What Are Branch Circuits?

A home’s electrical system has feeder wires that supply power to the panel and branch circuits that leave the panel to power devices. As you may know, the service feeders connect to the main breaker, which supplies power to the electrical panel for distribution. It normally is connected to a 100- or 200-amp two-pole circuit breaker, This main breaker is the main disconnect for the power supply of the breaker box enclosure.

There are also many other breakers within this circuit breaker box enclosure. These breakers vary from the common 15- and 20-amp breakers to those breakers of 100 amps or more, depending on the size of the main breaker and the load requirements that are needed on each individual circuit. These breakers also come in single- (for 120-volt circuits) and double-pole (for 240-volt applications)styles. They are the current protection devices for the circuits that feed areas, devices such as appliances, and lighting throughout your home.

These circuits are referred to as branch circuits, much like a branch on a tree is an extension of a tree. It is a part of the system and provides its individual protection of its circuit, but has ties to the main breaker. The main breaker could theoretically trips if the load across the individual branch circuit breaker became large enough due to the branch circuit’s failure to trip. This is a very limited occurance, and to date over the past 23 years or so, I’ve only seen this happen twice. It is good to know that there is a double safety in place.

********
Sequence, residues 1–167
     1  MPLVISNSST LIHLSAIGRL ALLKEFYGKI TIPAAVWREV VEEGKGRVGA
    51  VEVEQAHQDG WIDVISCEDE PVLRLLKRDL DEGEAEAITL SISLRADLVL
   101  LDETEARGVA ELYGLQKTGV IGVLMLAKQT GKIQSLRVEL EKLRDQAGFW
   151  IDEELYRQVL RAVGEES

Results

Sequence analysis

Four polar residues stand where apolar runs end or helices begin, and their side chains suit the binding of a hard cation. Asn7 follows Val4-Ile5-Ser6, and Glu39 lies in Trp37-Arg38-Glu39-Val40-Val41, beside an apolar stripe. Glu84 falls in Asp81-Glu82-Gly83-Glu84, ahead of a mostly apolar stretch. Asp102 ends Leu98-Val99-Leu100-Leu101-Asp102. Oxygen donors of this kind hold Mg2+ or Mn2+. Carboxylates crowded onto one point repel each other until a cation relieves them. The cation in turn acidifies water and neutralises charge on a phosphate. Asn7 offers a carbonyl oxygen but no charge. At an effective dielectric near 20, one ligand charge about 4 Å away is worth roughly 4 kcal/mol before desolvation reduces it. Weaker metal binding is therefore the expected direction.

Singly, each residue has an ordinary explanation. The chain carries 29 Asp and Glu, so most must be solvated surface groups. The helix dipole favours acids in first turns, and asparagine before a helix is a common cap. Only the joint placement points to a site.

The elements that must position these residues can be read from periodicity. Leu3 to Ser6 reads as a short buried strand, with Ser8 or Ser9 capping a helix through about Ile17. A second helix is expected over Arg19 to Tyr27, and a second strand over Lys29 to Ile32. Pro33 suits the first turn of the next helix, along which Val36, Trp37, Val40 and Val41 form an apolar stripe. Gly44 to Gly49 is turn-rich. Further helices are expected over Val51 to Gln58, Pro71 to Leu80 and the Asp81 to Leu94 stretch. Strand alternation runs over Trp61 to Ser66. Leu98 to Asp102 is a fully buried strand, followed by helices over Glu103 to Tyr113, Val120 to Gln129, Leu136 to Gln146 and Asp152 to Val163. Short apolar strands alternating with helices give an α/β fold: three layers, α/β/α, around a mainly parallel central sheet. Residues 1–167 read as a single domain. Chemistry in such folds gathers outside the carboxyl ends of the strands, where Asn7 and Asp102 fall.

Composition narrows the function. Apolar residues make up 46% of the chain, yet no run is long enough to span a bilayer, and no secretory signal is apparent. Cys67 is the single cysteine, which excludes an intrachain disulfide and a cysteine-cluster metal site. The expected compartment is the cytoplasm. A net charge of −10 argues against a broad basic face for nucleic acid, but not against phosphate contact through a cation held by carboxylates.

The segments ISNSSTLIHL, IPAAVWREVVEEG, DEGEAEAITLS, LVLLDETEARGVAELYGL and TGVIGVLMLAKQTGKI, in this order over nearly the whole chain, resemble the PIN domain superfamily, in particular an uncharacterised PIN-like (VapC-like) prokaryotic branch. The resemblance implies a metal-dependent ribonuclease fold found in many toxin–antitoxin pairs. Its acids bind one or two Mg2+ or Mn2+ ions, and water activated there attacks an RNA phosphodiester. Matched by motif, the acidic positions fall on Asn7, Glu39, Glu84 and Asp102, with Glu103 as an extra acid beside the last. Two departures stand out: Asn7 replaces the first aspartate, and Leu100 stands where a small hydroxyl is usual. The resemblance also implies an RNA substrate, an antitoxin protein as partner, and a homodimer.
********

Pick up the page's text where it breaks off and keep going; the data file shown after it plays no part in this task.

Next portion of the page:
The branch circuits are the individual elecrica wire feeds that go from the branch circuit breakers to the individual electrical loads in your home. They come complete with neutral and ground wires to give each circuit a complete path for electricity to travel and also a grounding means for electrical safety. The wire sizes to connect to these circuit breakers is determined by the electrical load rating stamped on the breaker itself. This wire size is determined by the load the branch circuit is connected to, like a 2-pole, 30-amp electric dryer. In this case you’d need a 2-pole, 30-amp breaker and 310 THHN wire to feed the electric dryer. My electrical wire chart is a good place to start in determining the appropriate wire size needed. Wire is sized by its gauge and there are numbers and letters (wire lettering) listed on the outer sheath of electrical wire that comes in many diiferent colors, called wire color coding to tell you what type and size the wire is.

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